Impact investors actively seek to place capital in businesses, nonprofits, and funds in industries such as renewable energy, basic services including housing, healthcare, and education, micro-finance, and sustainable agriculture. Institutional investors, notably North American and European development finance institutions, pension funds and endowments have played a leading role in the development of impact investing. Under Pope Francis, the Catholic Church has witnessed an increased interest in impact investing.
Impact investing occurs across asset classes; for example, private equity/venture capital, debt, and fixed income. Impact investments can be made in either emerging or developed markets, and depending on the goals of the investors, can target a range of returns from below-market to above-market rates.
Impact investing is the key to creating sustainable jobs, advancing education, improving healthcare and funding the expansion of non-profit organisations that support the most vulnerable.
We must therefore increase impact investment to combat unemployment, reduce social inequalities and preserve the environment.
Historically, regulation and to a lesser extent, philanthropy was an attempt to minimise the negative social consequences (unintended consequences, externalities) of business activities. However, a history of individual investors using socially responsible investing to express their values exists, and such investing behaviour is usually defined by the avoidance of investments in specific companies or activities with negative effects.
Simultaneously, approaches such as pollution prevention, corporate social responsibility, and triple bottom line began as measurements of non-financial effects, both inside and outside of corporations.
In 2007, the term impact investing emerged. A commitment to measuring social and environmental performance, with the same rigor as that applied to financial performance, is a critical component of impact investing.
In developing countries, we need to boost impact investment to finance the growth of small and medium-sized impact-driven businesses. SMEs make up 90 per cent of businesses and 80 per cent of jobs in Africa, but they are struggling to keep afloat. Impact investing provides them with a critical lifeline, protecting lives and livelihoods.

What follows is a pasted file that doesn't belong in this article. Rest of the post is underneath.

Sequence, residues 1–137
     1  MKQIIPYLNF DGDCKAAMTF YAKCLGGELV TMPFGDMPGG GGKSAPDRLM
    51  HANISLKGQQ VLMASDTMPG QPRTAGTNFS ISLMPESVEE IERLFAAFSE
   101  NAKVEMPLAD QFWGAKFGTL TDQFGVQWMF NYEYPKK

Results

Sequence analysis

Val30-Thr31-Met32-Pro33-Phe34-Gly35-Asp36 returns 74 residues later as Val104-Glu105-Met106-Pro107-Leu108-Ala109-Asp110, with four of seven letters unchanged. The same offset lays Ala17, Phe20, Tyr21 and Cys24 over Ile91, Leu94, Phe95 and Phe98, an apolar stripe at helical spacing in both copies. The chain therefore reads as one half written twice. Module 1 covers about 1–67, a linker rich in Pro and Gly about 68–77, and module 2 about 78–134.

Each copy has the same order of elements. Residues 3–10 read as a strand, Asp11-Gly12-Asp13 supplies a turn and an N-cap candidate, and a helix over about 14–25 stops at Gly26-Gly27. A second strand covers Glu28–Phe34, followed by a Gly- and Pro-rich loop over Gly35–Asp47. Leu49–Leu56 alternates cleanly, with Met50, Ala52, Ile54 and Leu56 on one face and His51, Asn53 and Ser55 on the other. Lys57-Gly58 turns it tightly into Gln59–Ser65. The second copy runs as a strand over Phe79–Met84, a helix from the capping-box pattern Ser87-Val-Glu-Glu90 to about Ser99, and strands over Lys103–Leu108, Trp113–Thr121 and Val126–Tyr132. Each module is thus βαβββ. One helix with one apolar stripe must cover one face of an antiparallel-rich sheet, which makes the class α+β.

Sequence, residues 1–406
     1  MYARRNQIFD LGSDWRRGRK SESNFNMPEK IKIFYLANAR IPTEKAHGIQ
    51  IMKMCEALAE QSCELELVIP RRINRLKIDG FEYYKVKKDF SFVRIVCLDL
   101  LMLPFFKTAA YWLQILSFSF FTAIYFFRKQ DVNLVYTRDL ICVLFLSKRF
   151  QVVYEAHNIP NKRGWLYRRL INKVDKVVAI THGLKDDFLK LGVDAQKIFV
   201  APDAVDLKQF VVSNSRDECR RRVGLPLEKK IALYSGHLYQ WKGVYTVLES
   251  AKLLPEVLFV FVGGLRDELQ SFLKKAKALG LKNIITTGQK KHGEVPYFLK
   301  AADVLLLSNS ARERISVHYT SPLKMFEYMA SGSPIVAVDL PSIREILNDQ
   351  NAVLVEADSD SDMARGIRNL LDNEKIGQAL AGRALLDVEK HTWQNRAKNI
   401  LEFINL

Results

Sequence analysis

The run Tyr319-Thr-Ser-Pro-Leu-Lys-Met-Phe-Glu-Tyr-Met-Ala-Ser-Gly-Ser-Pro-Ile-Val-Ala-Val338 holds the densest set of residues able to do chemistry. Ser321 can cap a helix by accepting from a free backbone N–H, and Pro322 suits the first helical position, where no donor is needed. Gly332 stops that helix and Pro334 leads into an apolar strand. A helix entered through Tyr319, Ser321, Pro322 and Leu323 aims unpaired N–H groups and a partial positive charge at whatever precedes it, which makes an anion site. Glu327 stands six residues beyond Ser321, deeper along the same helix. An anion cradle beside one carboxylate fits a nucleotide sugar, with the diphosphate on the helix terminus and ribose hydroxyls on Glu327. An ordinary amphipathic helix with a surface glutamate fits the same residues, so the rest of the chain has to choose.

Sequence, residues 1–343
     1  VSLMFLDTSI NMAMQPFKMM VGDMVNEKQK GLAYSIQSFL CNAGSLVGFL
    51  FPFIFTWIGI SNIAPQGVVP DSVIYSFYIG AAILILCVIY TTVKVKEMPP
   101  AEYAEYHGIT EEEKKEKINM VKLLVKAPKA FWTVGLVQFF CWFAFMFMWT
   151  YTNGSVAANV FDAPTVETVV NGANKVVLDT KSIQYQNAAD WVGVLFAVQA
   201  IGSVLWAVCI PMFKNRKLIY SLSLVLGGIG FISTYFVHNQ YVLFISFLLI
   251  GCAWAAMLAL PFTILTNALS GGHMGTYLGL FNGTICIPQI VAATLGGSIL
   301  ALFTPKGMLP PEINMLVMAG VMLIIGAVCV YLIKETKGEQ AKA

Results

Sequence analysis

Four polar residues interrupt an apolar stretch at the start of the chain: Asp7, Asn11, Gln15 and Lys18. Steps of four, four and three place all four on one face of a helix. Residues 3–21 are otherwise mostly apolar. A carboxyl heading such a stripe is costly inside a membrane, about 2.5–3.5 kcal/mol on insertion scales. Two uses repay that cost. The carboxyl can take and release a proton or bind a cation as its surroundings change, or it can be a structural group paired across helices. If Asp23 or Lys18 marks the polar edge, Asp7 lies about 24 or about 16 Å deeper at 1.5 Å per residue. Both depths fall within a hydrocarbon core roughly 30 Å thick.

We must demand that companies publish audited financial accounts that reflect their social and environmental impact. Impact accounting will provide the transparency needed to hold businesses accountable for any harm they cause, and reward them for the positive impact they create.
To emerge from this crisis sooner and in a better position to meet difficult challenges, we must shift our economies from profit alone to both profit and impact. We can help transform our economies by requiring company directors and trustees of pension funds and charitable endowments to consider both profit and impact in their decision-making.
We are at an historic crossroad. There has never been a greater need or a better time to bring impact to the centre of our economies and build the kind of world we want to live in. And this idea has already started gaining momentum:
UBS which is a global firm providing financial services in over 50 countries. UBS, which manages $2.6 trillion in assets, is now advising private clients to opt for sustainable investments over more traditional options.
The Global Steering Group (GSG ) for impact investment is actively working to achieve a just and impact-led recovery to benefit all people and our planet.
The GSG and the wider impact investing movement have started working towards these actions, including many who have now added their name in support of these objectives. We call on everyone - governments, citizens, consumers, investors, companies and philanthropists - to support the implementation of these key measures and pave the way to a faster recovery and a fairer, more sustainable world.